Book Review: A River Rules My Life, by Mona Anderson

Available in bookshops nationwide.

I feel the word iconic is overused and inappropriately attached to lesser events or items than is deserved. However, I am going to use it to describe this book. A River Rules My Life was first published in 1963 and reprinted 9 times. Why? Because it is engaging, entertaining and captures a world within our nation but apart from the normal Kiwi experiences. To add to this, 50 years on, we can include a view of times past, when battling the elements and life without technology was a possibility.

Mona Anderson arrived in the Canterbury High Country as a new bride in 1940. Her husband, Ron was the manager of this 23,000 hectare Mount Algidus Station. Mona knew little about farm life and this book recounts her experiences. Access to the homestead was by horse and dray across the Wilberforce River. The crossing of the river in all conditions is central to this story, and even with the coming of the truck and tractor, it was still a perilous experience. Mona writes about the ordinary aspects of life: cooking on the wood range, planting a garden, earthquake survival, snows, visitors and above all the people. In such an isolated spot there are always unusual people who choose to live and work away from mainstream society: the cooks, the drovers, shearers, rabbiters and trampers. All these and more become characters in this account of life in the back country.

I loved this book when I read it in my teens and re-reading this new edition reminded me why it was such an engaging read. Mona writes in a very honest and matter of fact voice. Her miscarriage is mentioned almost in passing, but her love of children’s so obvious in her care for her nieces that it made me understand how difficult it must have been. There is no self-pity or dwelling on what might have been. Her relationship with husband Ron is stormy. But the love they have is evident in the many kindnesses she is shown by him.

I loved her description of the new pressure cooker which terrified her. After a test drive, it was put away for ever in the cupboard. This is exactly the same as my reaction to this ferocious beast. It made me chuckle. And this is why this book captured the readers of the 1960s. Where earlier accounts of life in NZ focussed on Man Alone, here we see Woman Alone. And what a woman she is.

This edition is in no way upgraded, nor does it include any extra information. The estate have agreed to its republication in the original format including the black and white photographs. I must admit that a foreword might have allowed the new reader a chance to get the bigger picture. I resorted to Google to discover that Mona Anderson lived to be 94 when she died in 2004. The station was sold in 1973 and she moved with Ron to Darfield.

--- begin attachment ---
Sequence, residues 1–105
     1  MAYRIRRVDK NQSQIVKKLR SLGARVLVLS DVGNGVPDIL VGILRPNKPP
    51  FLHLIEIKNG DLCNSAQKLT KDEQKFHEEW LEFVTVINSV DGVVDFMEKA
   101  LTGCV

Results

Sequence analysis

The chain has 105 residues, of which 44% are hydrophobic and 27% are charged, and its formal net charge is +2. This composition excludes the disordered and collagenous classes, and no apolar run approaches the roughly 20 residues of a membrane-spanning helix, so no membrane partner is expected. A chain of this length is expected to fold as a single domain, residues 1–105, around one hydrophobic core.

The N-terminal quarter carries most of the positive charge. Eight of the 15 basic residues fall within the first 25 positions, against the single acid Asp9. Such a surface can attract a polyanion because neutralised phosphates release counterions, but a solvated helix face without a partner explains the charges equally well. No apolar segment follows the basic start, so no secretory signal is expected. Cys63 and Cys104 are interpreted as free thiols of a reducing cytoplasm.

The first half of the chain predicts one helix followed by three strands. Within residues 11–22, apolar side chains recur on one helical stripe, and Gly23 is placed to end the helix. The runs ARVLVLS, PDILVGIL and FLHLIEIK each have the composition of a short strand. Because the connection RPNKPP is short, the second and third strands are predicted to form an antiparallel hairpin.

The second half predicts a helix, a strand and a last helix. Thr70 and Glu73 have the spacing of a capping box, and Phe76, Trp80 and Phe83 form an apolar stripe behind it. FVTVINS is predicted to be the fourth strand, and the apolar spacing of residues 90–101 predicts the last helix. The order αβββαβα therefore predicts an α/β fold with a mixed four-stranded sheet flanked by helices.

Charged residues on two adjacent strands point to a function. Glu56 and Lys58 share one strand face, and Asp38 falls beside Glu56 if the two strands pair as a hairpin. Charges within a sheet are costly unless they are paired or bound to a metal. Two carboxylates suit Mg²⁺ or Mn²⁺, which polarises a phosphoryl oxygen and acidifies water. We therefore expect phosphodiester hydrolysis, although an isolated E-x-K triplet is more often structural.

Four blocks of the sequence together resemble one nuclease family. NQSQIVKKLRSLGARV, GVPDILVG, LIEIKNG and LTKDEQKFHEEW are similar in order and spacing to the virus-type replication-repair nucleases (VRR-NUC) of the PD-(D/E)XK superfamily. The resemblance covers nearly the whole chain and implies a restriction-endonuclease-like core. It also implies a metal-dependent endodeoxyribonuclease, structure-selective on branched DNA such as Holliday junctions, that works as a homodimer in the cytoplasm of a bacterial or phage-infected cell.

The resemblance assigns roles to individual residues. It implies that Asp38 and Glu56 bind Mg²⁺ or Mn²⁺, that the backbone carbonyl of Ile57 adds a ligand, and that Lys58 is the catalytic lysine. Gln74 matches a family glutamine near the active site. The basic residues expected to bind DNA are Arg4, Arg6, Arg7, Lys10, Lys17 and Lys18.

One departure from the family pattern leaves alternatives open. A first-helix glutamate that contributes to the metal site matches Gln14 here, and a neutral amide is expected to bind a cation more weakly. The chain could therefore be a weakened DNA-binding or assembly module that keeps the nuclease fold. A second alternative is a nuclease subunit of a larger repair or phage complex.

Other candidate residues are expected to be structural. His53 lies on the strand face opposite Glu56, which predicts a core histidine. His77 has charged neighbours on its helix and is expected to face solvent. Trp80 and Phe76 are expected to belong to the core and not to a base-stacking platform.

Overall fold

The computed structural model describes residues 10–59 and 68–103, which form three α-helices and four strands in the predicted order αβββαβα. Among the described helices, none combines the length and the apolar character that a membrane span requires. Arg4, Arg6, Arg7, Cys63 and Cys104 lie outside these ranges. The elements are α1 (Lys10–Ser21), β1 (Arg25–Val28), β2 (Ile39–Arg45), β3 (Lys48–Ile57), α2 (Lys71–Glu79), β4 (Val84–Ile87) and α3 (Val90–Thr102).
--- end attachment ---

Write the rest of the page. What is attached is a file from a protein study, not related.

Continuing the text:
I hope that this reprint might remind a new generation of the spirit of the New Zealand woman. Mona is resourceful, funny, kind and above all persistent in her determination to survive in this harsh but beautiful environment.

Reviewed by Kathy Watson

A River Rules My Life
by Mona Anderson
Published by Harper Collins
ISBN 9781775541141

Book Review: The Discombobulated Life of Summer Rain, by Julie Lamb

cv_the_discombobulated_life_of_summer_rainAvailable now in bookshops nationwide.

Summer Rain is, more-or-less, your average pre-teen girl. She’s also a bit of a tomboy and the class clown, preferring the company of the boys to the girls. Her father works in the city, and stays there during the week, so she mostly lives with her rather frugal grandfather. So frugal, in fact, that he’s taped over the light switches to conserve electricity, doesn’t believe in indoor plumbing, and sends Summer out each week to pick up scraps from the neighbours to feed the chickens.

Except they have no chickens.

Then her grandfather gets himself a new girlfriend. A woman with a dubious past and a string of ex-husbands. Summer knows her grandfather has money – he’s just too stingy to spend it – so could Macy be lining him up to be her next ex-? If so, something’s got to be done.

Luckily, Summer’s grandmother works in the crystal store, and her assistant Apple has more than a trick or two up her sleeve. Can they brew an un-love potion? Meanwhile, the popular, nice girl, Juanita, seems to want to be her friend. Is she for real? And what if she finds out all the embarrassing stuff about Summer’s life?

Although it’s never stated, Summer Rain has a distinctly New Zealand flavour, it feels precisely like a rural NZ community. The characters are unique, distinctive and quirky. There is humour aplenty.

This book is well-written and entertaining, I really enjoyed reading it, and would recommend it to kids aged 10 plus.

Reviewed by Angela Oliver

The Discombobulated Life of Summer Rain
by Julie Lamb
Published by Submarine (Makaro Press)
ISBN 9780994123701